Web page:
Ovarian cancer hard to detect

Ovarian cancer hard to detect

There are 2 comments on the Lubbock Avalanche-Journal story from May 2, 2008, titled Ovarian cancer hard to detect. In it, Lubbock Avalanche-Journal reports that:

“I feel very blessed. The doctor said for me to thank the God above”

Thursday, May 01, 2008 Story last updated at 5/1/2008 - 1:58 am Ovarian cancer was once known as a "silent killer" because it was believed that it caused no symptoms. via Lubbock Avalanche-Journal

Join the discussion below, or Read more at Lubbock Avalanche-Journal.

David Knowles

Trenton, NJ

#1 May 5, 2008
Ovarian cancer can be detected prior to stage 3. Women, when you have blood work, ask the doctor to add CA-125 to the test. This can be an a guide, If you’re over 10, get a CT scan or a PET scan. Something to keep in mind though. My wife was considered a cancer survivor of Uterine and Ovarian cancer. She was Diagnosed in 1997. She underwent a full hysterectomy plus the ovaries and all surrounding tissue. The washings were all clean and there was no lymph node invasion. She underwent chemotherapy treatment of Taxal and Carboplatin for 6 treatments, three weeks apart. As of November, of 2007 she was diagnosed with a re-occurrence of the ovarian cancer. She had 2 nodules about 2 centimeters in size each. The surgeon de-bulked the area, but saw some cancer cells on the colon and diaphragm. She began the chemotherapy again in January 2008. After 4 treatments, her CA-125 marker was on the increase, 188, 220, 1260, and 2025 after the fourth treatment. By this time, she was severely constipated and could not keep any food down. She was hospitalized in March, just before Easter. She is still in the hospital today. Since then, everything was attempted to remove a blockage that had formed in the colon. All non-surgical attempts had failed so surgery was planned. Her blockage is clear but the doctor’s discovery was horrible. She needed a colostomy. The doctor was also unable to remove the cancer that had grown since the surgery last fall. The intestines were covered with cancer to the point that they were fused together into a “frozen abdomen” which means that nothing can be removed unless all the intestines are removed. Therefore we now need to rely on Chemotherapy for any hope, yet we know what happened from the chemo. My wife was 34 when she was first diagnosed. She is 46 now, and might not make it to 47. What I am trying to say here is that just because you had a successful battle doesn’t mean that you have won the war. If the doctor prescribes chemotherapy, then chances are that they did not remove all the cancer. Ask you doctor questions and do your own research. Doctors are not Gods so don’t treat them as if they are. Don’t get me wrong, if it were not for the doctors on her case, she would not be here today. Keep up on your testing. Doctors, please continue your research. I know that putting an end to cancer will put some people out of work, but whichone is the actual goal.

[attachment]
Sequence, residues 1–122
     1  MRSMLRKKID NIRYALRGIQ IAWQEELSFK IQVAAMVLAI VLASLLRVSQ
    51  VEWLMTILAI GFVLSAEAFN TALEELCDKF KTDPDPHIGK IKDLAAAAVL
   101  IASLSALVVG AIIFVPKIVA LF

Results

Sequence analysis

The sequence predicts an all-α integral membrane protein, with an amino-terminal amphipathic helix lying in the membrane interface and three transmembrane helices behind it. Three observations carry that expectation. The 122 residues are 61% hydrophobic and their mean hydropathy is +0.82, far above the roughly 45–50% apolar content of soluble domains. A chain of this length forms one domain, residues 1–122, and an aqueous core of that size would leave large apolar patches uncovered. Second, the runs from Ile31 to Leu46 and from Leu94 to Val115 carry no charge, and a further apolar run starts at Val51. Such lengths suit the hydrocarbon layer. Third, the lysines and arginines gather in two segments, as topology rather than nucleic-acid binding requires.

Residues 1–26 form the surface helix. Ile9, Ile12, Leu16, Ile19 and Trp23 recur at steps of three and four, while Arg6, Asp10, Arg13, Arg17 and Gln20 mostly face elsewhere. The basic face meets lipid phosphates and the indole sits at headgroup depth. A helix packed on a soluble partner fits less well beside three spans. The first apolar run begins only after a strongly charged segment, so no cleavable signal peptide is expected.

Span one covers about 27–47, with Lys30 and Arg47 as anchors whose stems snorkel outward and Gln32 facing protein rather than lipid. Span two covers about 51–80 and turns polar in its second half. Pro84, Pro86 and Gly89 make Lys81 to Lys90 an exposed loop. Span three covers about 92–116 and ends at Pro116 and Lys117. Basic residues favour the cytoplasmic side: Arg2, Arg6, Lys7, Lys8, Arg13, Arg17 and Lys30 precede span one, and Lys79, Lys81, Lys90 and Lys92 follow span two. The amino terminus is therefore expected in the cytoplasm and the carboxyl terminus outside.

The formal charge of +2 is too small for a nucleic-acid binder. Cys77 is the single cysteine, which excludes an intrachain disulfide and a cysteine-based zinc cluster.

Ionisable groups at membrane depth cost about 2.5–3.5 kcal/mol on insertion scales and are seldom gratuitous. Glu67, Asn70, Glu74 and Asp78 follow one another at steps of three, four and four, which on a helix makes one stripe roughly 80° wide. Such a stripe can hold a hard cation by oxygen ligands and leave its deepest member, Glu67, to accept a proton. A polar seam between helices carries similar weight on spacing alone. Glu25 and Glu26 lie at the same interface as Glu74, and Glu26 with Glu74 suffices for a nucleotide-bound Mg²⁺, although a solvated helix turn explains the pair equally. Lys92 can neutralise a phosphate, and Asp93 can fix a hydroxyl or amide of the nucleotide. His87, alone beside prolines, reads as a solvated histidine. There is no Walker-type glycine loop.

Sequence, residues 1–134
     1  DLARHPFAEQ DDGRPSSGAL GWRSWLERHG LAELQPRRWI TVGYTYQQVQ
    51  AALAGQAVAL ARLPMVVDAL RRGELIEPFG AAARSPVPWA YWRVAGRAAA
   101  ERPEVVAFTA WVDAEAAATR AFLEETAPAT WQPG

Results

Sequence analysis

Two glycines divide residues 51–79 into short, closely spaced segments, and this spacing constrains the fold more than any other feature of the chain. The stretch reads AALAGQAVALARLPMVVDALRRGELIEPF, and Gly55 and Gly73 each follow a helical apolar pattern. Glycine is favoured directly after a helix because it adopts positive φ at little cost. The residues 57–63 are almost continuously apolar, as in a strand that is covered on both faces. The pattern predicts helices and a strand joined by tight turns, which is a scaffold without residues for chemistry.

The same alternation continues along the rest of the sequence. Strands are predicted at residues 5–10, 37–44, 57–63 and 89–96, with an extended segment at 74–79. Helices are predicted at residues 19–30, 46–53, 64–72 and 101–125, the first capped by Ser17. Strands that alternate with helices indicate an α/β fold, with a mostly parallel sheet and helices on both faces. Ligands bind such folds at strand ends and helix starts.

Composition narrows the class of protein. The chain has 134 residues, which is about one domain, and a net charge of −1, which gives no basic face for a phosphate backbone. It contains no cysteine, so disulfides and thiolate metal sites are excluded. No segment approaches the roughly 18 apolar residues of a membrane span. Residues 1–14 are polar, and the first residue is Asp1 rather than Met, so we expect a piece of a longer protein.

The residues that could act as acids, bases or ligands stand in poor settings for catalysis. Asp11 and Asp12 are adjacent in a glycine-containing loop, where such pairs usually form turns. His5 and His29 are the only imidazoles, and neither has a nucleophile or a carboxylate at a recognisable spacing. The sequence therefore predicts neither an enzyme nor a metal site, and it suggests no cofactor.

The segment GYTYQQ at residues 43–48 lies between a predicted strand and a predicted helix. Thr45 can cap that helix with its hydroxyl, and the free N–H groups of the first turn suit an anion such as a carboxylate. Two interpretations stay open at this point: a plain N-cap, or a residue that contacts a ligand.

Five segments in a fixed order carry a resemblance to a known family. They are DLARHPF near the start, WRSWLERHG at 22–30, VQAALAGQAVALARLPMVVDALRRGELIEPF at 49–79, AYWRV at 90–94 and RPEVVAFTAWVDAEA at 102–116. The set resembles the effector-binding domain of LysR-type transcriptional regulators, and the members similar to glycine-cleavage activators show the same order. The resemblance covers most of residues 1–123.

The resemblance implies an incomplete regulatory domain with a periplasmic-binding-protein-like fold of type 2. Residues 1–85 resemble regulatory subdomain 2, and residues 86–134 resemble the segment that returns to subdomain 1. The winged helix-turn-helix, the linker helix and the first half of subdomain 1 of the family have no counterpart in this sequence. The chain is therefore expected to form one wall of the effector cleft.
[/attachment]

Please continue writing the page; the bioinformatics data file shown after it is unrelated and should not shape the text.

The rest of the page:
Since: May 08

Schwerin, Germany

#2 May 11, 2008
Awareness is the key....Ignorance the Killer…


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